TOKYO (AP) – Japan, led by the Prime Minister of Japan, celebrated the victory of golfer Hideki Matsuyama at the Masters, the first Japanese player to win the famous green jacket at Augusta National.
“It was wonderful,” said Prime Minister Yoshihide Suga, referring to his country, which has struggled to postpone the Tokyo Olympics for more than three months. “When the coronavirus is pulled, its achievement touched our hearts and gave us courage.”
Masashi “Jumbo” Ozaki, who finished eighth at the Masters in 1973, said he hoped more Japanese male golfers would be inspired by Matsuyama.
“This is a great achievement for the Japanese golf world,” he told Japanese media. “And it happened because of Mr. Matsuyama’s own ability to take on challenges, his courage, all his efforts.”
Isao Aoki finished second to Open Niklaus in 1980. In the US Open, which was the previous best result of the Japanese male golfer.
Two Japanese women won in golf professions. Chaco Higuchi at the 1977 LPGA Championship և Hinako Shibuno at the 2019 British Open
Aokin recalled how Matsuyama won the low amateur title in 2011.
Some 18,000 people have died in the disaster, and the area is still struggling to recover.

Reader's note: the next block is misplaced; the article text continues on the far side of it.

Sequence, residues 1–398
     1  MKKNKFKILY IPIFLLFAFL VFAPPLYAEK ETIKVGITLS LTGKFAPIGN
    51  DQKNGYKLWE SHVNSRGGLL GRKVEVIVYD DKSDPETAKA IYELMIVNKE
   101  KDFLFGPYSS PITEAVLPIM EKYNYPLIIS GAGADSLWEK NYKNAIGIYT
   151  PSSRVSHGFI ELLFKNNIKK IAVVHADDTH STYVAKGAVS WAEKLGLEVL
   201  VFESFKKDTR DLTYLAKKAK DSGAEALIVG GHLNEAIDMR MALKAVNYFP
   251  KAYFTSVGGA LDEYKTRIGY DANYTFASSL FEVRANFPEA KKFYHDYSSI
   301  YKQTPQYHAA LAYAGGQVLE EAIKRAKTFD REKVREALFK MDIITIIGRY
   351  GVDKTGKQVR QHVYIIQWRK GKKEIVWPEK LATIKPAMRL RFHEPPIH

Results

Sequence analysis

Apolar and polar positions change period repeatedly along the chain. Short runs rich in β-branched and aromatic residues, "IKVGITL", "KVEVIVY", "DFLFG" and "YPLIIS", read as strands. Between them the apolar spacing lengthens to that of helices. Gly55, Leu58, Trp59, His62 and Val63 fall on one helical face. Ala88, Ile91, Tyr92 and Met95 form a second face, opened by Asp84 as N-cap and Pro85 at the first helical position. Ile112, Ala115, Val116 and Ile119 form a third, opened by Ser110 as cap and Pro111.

“This time the victory of your masters came at a time when many people were feeling bad, many activities were limited in Aponia against the backdrop of the coronavirus epidemic. ,
Aokin added. “This victory, which was the first for the Japanese-Asians, was a moment we were all looking forward to, not just me, but all the Japanese golf fans involved in the golf world.”
Niklaus was just as effective on social media.
“I am blessed to have spent so much time in Japan, I know they love golf,” said Nicklaus. “They are also very proud people, they are even more proud today.
“I was competing against the great Isao Aoki, I know how respected he was. Hidek will also become an eternal hero for his country. The day and the moment belong to Hidek Matsuyama. “This is a great day for him, Japan’s Apollonia ապ World Golf Game.”
The US Embassy in Japan has congratulated Matsuyama as the first Japanese golfer to win the Masters.
Outside Shimbash Railway Station in central Tokyo, retired Takashi Atsum called it a “huge result.”
“For him, I think it was a goal that was difficult to achieve, despite his enormous efforts over the last 10 years,” Atsumi said. “I think it is absolutely fantastic that he was able to achieve the goal today. I think it was a great event for the next generation of Japanese. ”
AP writer Marie Yamaguchi contributed to this story.
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